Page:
clip_image002I drew a number of cranes to use as patterns, and have used the shape on quite a number of paintings in the past year. (Sometimes when I fall in love with a shape, it just keeps showing up!) The shapes going down the edge of the pink scarf are a mixture of my personal alphabet and shapes from Eastern European prehistoric rock art — I think of them as secret spells to protect the wearer.pinksalt1

This scarf is on display and for sale at The Joyful Jewel, in Pittsboro, NC.  It started as a white blank. I used gutta resist to draw in the cranes and symbols, then used a paintbrush to apply the color, using professional silk dyes. The background sky through which the cranes fly was sprinkled with rock salt while the dye was still wet. The salt is a catalyst for a chemical process that draws up the color and creates and beautiful, rainy pattern in the dye. The piece was then steamset for colorfastness, washed and ironed.

The cranes also fly across a fun floppy cotton hat, for sale at my OneDogTalking shop at Etsy.  The orange and yellow dyes are the hat are so vivid, the white really pops!  I’ve also just posted a silk ACEO at OneDogTalking.  I do love these birds!  orangehat3

AC-2

23 March 2009 at 8:46 pm 4 comments

More on Iconography

Mariah of The Joyful Jewel in Pittsboro, North Carolina, asked me to give her some background on the motifs I use in my silk paintings.  I thought I’d share that information with my blog readers.

Elegant Silk Crêpe Shawl

SumerianCylinderSeal

huge2 Although the description of the original Sumerian cylinder seal says the priestesses are bringing a worshipper to god, I think of them as women supporting each other in community. The eagle (not shown in this view) is a protective spirit and has played the historic role of carrying one’s prayers to the sky. The oak leaf is a symbol of strength and longevity.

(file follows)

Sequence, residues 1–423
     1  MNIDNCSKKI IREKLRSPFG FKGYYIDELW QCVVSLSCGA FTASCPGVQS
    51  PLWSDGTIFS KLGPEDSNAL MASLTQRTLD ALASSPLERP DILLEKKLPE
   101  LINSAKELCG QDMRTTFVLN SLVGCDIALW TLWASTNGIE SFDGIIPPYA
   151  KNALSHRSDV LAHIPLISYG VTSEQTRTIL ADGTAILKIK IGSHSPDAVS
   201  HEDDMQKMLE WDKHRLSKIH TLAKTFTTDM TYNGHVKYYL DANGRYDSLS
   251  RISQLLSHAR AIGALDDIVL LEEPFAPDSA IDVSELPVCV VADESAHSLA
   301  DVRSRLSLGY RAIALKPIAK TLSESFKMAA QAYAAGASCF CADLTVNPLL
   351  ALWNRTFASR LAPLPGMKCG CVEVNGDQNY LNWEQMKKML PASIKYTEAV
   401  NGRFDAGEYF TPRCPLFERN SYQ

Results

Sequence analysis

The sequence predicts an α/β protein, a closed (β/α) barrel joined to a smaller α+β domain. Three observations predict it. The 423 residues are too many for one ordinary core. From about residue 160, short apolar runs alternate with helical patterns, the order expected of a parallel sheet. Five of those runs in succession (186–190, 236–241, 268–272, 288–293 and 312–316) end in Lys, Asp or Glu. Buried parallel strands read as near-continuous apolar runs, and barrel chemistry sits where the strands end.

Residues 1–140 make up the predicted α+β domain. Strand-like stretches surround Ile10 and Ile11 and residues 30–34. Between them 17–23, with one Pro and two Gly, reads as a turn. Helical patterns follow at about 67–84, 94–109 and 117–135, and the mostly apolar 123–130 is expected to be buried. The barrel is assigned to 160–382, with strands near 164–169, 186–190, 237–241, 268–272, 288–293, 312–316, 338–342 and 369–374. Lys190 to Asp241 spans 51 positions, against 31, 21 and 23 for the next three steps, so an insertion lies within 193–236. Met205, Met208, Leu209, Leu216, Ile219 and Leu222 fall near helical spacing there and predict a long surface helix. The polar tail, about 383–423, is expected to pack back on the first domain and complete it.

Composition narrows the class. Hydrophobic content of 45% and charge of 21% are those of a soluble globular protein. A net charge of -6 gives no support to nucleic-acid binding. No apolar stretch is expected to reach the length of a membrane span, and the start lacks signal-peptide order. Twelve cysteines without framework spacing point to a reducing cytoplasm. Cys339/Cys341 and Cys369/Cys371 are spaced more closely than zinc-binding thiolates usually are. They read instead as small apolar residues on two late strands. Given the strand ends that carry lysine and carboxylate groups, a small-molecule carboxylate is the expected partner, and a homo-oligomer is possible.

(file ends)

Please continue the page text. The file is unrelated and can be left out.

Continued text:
I have always had a love for the first historic cultures.  Even though I’m 30 years past youthful idealism, I still have no interest in history when it’s taught as battle dates and cultural dominance. I think that the real story is found in the way a culture uses the natural world to establish itself, develops ways of communication, and creates a vision of its place in the world. I envy the peoples for whom beauty is part of everyday life and imagine a time when people were profoundly sure that they were of the earth, not simply on it.  The stories that survive generations are those of people doing the right thing simply because it is the right thing to do, what the gods expect, and what upholds a family’s honor.

This piece is hand painted using the serti, or fence, method of using resist to draw the design. The silk is stretched like canvas and painted with a paintbrush using professional silk dyes. This is a work of art: no two paintings are ever alike. The dyes are set for colorfastness, the resist is removed, and the scarf is washed to restore the hand, or feel, of the silk. This one feels gorgeous. frame1

Here’s an example of a stretched piece of silk in process.  I use a stretcher frame designed and marketed by Susan Moyer.

You may see many more examples of my silk paintings at my shop at Etsy.

21 December 2008 at 3:33 pm 4 comments